The Mesnard House was built in 1883 and renamed the Hotel Marquette in 1891. It had one hundred rooms and was renowned for its fine dining. But like so many other downtown buildings, it would be destroyed by fire in 1930.

            The Clifton Hotel would be even more ill-fated. The original hotel was first named the Clifton Hostelry, then Cole’s Lake View Hotel, then Cozzen’s Hotel, and finally the Clifton House. It stood four stories high on the corner of Washington and Front Streets, and its top floor and an observation tower provided an excellent view of Lake Superior. A barbershop, billiard parlor, and parlors for entertainment were among its many amenities. A Christmas Day fire in 1886 would destroy it.

            The Volks, owners of the Clifton, decided to rebuild a block farther up the hill on the corners of Front and Bluff Streets. This second Clifton Hotel would be where Karl and Aino met; they would walk from there down a block to the corner of Washington and Front Streets to the Hotel Marquette for dinner. Meanwhile, Amos Harlow purchased the property where the old Clifton Hotel had stood and built the Harlow Block building in 1887, constructed by Marquette architect Hampson Gregory. It remains home to numerous downtown businesses and offices today.

            The second Clifton Hotel would ultimately meet the fate of its predecessor. In October 1965, fire again broke out as the result of an electric problem. Despite efforts to put it out, the fire quickly spread through the building. The hotel was never rebuilt. By that time, the US 41 bypass had been built to detour traffic from passing through downtown Marquette. Hotels were being replaced by motels springing up along US 41 as the city grew westward. Today, only the Landmark Inn survives of Marquette’s downtown hotels.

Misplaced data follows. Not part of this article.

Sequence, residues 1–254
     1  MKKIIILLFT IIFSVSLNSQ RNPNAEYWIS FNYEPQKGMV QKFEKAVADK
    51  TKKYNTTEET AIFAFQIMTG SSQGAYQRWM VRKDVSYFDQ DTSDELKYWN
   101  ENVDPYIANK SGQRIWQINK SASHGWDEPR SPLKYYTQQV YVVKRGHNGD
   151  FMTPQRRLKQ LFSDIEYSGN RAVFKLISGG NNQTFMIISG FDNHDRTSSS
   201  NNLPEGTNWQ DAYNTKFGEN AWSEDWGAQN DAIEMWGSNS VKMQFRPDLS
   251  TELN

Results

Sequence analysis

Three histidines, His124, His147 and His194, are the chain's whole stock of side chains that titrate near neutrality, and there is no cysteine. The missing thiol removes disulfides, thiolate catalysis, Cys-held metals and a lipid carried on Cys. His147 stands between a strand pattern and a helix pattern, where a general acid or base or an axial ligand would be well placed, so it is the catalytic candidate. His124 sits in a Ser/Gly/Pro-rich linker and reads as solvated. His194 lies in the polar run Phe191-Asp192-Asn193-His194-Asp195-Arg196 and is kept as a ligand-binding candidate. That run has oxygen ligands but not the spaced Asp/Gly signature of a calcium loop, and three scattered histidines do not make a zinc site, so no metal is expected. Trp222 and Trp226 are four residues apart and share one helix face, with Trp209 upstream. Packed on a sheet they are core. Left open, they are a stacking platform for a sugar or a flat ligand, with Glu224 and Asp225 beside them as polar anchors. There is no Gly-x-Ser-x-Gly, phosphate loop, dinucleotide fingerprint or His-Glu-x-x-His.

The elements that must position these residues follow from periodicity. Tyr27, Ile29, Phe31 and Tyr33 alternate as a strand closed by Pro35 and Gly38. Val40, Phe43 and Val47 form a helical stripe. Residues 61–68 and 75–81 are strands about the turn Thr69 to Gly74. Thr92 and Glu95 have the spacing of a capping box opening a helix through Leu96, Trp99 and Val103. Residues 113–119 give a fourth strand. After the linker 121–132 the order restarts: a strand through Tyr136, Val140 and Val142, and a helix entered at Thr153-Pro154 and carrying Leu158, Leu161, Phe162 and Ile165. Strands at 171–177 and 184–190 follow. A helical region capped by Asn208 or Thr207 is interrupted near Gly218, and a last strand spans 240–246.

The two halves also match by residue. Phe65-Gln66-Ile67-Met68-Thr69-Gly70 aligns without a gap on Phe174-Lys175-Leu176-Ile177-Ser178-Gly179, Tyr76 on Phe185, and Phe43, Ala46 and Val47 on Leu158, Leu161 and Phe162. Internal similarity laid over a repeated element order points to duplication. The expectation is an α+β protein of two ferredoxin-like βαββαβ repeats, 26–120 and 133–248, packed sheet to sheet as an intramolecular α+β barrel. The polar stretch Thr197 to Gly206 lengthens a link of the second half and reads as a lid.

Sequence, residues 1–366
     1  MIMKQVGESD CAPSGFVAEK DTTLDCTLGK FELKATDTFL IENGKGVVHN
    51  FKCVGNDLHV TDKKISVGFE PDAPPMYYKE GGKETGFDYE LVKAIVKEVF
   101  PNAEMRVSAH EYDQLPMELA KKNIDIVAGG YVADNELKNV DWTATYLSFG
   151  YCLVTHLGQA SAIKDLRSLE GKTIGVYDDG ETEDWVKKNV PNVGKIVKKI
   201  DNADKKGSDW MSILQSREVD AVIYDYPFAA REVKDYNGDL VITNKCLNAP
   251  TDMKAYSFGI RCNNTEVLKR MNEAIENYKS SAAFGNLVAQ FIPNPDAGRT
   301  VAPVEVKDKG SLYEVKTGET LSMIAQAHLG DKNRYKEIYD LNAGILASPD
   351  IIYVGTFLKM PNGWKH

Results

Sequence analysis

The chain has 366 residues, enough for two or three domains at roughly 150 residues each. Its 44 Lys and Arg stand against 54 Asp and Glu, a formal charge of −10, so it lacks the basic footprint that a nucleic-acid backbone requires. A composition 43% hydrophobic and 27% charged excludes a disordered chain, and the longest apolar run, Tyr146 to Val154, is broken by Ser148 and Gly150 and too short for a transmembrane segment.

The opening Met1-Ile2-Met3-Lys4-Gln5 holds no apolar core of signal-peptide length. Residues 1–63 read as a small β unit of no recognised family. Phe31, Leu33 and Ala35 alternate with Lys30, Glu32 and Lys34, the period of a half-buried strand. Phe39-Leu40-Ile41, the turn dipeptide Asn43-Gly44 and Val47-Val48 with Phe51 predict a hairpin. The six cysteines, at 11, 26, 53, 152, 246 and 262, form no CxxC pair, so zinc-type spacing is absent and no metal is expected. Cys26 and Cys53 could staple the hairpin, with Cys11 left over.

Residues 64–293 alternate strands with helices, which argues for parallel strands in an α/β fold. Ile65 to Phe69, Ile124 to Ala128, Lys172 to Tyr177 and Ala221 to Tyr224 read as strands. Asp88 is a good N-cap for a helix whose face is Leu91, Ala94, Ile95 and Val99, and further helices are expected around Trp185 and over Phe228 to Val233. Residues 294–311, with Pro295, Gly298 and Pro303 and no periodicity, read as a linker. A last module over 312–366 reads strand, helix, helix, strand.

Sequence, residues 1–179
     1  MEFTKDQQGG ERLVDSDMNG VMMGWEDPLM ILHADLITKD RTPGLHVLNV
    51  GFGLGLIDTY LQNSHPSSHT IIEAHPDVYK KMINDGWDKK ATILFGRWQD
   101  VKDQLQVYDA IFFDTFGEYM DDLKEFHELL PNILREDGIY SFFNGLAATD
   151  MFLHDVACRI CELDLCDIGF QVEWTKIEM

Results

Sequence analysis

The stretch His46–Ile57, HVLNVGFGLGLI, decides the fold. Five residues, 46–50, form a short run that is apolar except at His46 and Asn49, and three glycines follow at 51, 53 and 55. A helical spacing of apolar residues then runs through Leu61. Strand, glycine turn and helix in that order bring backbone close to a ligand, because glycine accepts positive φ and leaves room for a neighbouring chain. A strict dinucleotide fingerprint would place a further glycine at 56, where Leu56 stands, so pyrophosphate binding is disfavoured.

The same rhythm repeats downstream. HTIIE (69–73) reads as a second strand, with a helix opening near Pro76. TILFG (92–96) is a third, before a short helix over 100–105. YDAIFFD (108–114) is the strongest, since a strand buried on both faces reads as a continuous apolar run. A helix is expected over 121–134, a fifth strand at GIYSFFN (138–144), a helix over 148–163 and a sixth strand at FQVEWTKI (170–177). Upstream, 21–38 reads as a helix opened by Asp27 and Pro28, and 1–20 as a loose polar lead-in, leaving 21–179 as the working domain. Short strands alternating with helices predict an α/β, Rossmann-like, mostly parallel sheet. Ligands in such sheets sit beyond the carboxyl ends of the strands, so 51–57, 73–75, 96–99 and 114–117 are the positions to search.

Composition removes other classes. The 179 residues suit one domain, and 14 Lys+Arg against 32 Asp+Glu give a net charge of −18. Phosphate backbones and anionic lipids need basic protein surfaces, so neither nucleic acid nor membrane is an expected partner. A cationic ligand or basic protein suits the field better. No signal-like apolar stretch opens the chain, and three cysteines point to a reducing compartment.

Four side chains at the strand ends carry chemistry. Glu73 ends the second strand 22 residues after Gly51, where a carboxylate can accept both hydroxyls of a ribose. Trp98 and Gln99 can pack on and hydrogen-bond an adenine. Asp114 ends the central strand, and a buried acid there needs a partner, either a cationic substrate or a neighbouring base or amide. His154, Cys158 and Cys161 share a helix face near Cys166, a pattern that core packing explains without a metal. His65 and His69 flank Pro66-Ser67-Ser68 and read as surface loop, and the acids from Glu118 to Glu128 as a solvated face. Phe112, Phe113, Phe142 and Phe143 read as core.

No Book is Written Alone – Thank You to Everyone Who Helped with My Marquette

December 6, 2010

I am so very pleased and a bit overwhelmed by the positive responses My Marquette has been receiving, most recently through fabulous sales at the TV 6 Christmas Show and my appearance on the Doug Garrison show which you can view on YouTube. So it seems appropriate that I again thank the many people who helped to make the book possible. Following is the Acknowledgments from My Marquette, but with links to websites included.